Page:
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Wednesday, April 16, 2008

Standing in the Shadow of Racism

According to Dinesh D'Souza, America is not a racist nation. He should know, coming from a culture whose caste system stratified society based in large part on lines of color, even down to the "Untouchables". It is true that racism exists in small pockets, yet the reaction of mainstream society to its presence is not one of welcome but of disgust. White America, especially, is burdened by an undue sense of guilt over race. We fear being under sensitive, lest we offend. We fear being oversensitive, betraying the obvious fact that we do recognize what the people around us look like. Nearly all white people in America consider the races equal, and frankly, we're tired of beating a dead horse over the issue. Still, the issue of race casts a cloud over encounters with our differently-pigmented fellow Americans.

In other words, we fear being seen as racists. We know we aren't, but that doesn't seem to matter in the public arena. It's happened to many of us, at one time or another, and because we see racism as such a low thing, the sting of it is quite sharp. I remember being called a racist because I criticised a rap song that was playing on the radio. Now, I grew up in the era of rap. I had (and listened to death) the early albums of Run DMC, LL Cool J, and the Fat Boys. In my neighborhood, we all used to break out sheets of cardboard or scraps of linoleum and practice break dancing. I know my rap music- what I like, and what I don't. So when my coworker insinuated that I was a racist for criticizing a certain rapper, I took great offense. The end result of this was a decrease in the quality and quantity of conversation between Tyrone and me, largely because I was now afraid that anything I said would be scrutinized as potentially racist.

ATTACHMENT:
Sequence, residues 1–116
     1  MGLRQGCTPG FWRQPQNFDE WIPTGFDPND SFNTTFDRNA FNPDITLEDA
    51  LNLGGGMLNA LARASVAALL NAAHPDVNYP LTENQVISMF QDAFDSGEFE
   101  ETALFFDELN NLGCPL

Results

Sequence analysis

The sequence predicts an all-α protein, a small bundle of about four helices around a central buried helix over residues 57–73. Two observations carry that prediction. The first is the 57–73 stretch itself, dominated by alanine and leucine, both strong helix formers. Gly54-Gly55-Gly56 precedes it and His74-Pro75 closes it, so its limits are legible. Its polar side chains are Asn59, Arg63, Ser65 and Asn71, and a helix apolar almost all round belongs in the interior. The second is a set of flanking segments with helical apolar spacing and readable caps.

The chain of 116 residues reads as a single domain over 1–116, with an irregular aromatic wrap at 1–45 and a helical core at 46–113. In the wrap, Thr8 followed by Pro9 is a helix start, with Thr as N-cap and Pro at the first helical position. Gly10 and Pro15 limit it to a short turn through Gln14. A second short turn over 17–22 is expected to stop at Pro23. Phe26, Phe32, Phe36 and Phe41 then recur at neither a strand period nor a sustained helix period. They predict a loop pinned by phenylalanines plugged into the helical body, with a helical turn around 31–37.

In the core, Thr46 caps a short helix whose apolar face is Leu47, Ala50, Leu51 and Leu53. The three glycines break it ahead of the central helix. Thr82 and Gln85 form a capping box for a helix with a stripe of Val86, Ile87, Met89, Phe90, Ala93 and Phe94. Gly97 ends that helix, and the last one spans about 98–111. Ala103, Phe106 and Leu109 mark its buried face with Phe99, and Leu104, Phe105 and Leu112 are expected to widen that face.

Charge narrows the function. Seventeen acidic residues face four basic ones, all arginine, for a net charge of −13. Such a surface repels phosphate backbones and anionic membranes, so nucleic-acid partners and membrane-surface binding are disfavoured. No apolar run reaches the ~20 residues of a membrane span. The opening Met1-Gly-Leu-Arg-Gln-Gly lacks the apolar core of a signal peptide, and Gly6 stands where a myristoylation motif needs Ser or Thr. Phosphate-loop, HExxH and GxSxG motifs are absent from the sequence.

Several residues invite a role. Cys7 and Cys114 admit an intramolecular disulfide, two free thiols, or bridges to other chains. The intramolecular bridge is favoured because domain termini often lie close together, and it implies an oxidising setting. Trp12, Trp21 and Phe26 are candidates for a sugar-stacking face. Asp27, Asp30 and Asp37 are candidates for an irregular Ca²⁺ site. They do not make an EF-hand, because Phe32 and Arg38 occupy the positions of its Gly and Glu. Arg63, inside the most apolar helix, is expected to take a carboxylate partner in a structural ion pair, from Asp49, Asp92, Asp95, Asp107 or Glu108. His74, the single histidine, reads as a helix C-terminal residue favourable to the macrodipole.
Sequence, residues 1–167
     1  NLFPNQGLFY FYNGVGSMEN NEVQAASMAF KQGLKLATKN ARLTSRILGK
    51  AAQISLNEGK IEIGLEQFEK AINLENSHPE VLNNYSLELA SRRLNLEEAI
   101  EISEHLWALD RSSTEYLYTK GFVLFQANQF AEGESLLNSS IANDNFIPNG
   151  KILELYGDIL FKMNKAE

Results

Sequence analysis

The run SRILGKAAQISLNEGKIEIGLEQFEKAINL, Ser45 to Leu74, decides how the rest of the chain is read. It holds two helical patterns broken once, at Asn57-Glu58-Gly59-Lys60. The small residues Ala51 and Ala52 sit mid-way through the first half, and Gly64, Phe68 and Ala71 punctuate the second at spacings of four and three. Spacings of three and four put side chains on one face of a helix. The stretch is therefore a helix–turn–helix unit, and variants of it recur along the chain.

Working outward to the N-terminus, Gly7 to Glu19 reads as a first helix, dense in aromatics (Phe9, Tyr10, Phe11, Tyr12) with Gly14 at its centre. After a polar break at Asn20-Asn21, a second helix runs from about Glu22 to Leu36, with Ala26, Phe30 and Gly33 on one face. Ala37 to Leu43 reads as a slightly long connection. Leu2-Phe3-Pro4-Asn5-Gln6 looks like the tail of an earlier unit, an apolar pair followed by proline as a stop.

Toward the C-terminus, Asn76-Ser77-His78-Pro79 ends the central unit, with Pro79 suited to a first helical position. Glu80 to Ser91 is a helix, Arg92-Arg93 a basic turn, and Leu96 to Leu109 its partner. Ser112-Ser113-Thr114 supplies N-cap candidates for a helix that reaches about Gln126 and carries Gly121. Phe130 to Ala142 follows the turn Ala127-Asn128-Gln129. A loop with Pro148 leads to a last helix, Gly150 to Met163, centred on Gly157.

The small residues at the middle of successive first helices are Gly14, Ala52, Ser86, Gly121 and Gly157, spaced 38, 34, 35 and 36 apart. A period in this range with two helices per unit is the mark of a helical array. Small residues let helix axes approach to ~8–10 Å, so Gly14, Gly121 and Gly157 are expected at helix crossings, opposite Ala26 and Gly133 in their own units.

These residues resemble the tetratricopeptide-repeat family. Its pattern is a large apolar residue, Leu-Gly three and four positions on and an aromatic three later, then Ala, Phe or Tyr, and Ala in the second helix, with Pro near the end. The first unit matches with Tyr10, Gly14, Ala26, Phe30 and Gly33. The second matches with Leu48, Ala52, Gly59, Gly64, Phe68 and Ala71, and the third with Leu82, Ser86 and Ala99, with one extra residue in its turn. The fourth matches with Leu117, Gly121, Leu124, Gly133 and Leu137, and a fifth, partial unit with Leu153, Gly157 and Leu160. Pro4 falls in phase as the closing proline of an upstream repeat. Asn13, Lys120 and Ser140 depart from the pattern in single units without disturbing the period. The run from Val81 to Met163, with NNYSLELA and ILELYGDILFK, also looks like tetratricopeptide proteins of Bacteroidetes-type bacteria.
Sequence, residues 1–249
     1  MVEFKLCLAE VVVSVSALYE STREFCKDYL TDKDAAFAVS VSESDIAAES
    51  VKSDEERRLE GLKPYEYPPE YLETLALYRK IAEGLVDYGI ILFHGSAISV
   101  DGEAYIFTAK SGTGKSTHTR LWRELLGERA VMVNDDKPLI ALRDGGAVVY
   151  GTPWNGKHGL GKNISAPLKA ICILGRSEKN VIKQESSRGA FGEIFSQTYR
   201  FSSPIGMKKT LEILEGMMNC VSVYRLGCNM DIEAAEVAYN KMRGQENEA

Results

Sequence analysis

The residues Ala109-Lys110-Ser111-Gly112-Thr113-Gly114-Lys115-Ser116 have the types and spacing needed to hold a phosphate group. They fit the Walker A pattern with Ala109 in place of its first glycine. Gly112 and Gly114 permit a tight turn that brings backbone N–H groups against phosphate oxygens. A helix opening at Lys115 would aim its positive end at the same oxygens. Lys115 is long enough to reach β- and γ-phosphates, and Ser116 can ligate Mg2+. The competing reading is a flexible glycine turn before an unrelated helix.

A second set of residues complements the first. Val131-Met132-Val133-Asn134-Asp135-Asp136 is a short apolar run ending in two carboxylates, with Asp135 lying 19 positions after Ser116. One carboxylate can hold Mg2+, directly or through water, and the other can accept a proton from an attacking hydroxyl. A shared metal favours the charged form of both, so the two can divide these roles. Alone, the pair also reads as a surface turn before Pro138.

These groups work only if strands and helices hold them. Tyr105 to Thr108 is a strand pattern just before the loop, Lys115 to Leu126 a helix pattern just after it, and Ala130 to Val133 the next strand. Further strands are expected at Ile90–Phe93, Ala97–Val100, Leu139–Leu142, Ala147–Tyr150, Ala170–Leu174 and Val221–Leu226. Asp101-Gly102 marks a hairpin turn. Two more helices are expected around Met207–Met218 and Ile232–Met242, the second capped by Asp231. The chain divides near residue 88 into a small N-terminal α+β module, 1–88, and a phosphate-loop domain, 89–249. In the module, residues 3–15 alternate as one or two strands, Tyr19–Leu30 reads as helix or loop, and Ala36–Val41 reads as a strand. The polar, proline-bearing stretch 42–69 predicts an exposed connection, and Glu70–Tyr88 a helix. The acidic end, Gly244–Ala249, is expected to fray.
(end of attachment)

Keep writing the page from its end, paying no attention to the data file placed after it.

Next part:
I think, somewhere in the back of many white people's minds, is just such a nagging concern: "I hope I don't say the wrong thing."

What a relief it would be to trust that we were not guilty by descent, that because some of our forefathers behaved despicably, we were not doomed to suffer eternal scorn for their sins! Racism will not be dead until the concern over racism has perished. With openly hostile bigots such as Jeremiah Wright and Al Sharpton running around, how is that supposed to happen? When will Dr. King's dream come true? When can I be judged not by the color of my skin, but by the content of my character? Then, once and truly, we will all be free at last.

1 comment:

  1. Oh my gosh - you have hit the nail on the head!! Where have you been? This is so true of life in the US. The politically correct life has added to the normal stress of living! Thank you for letting me know that I am NOT alone!!

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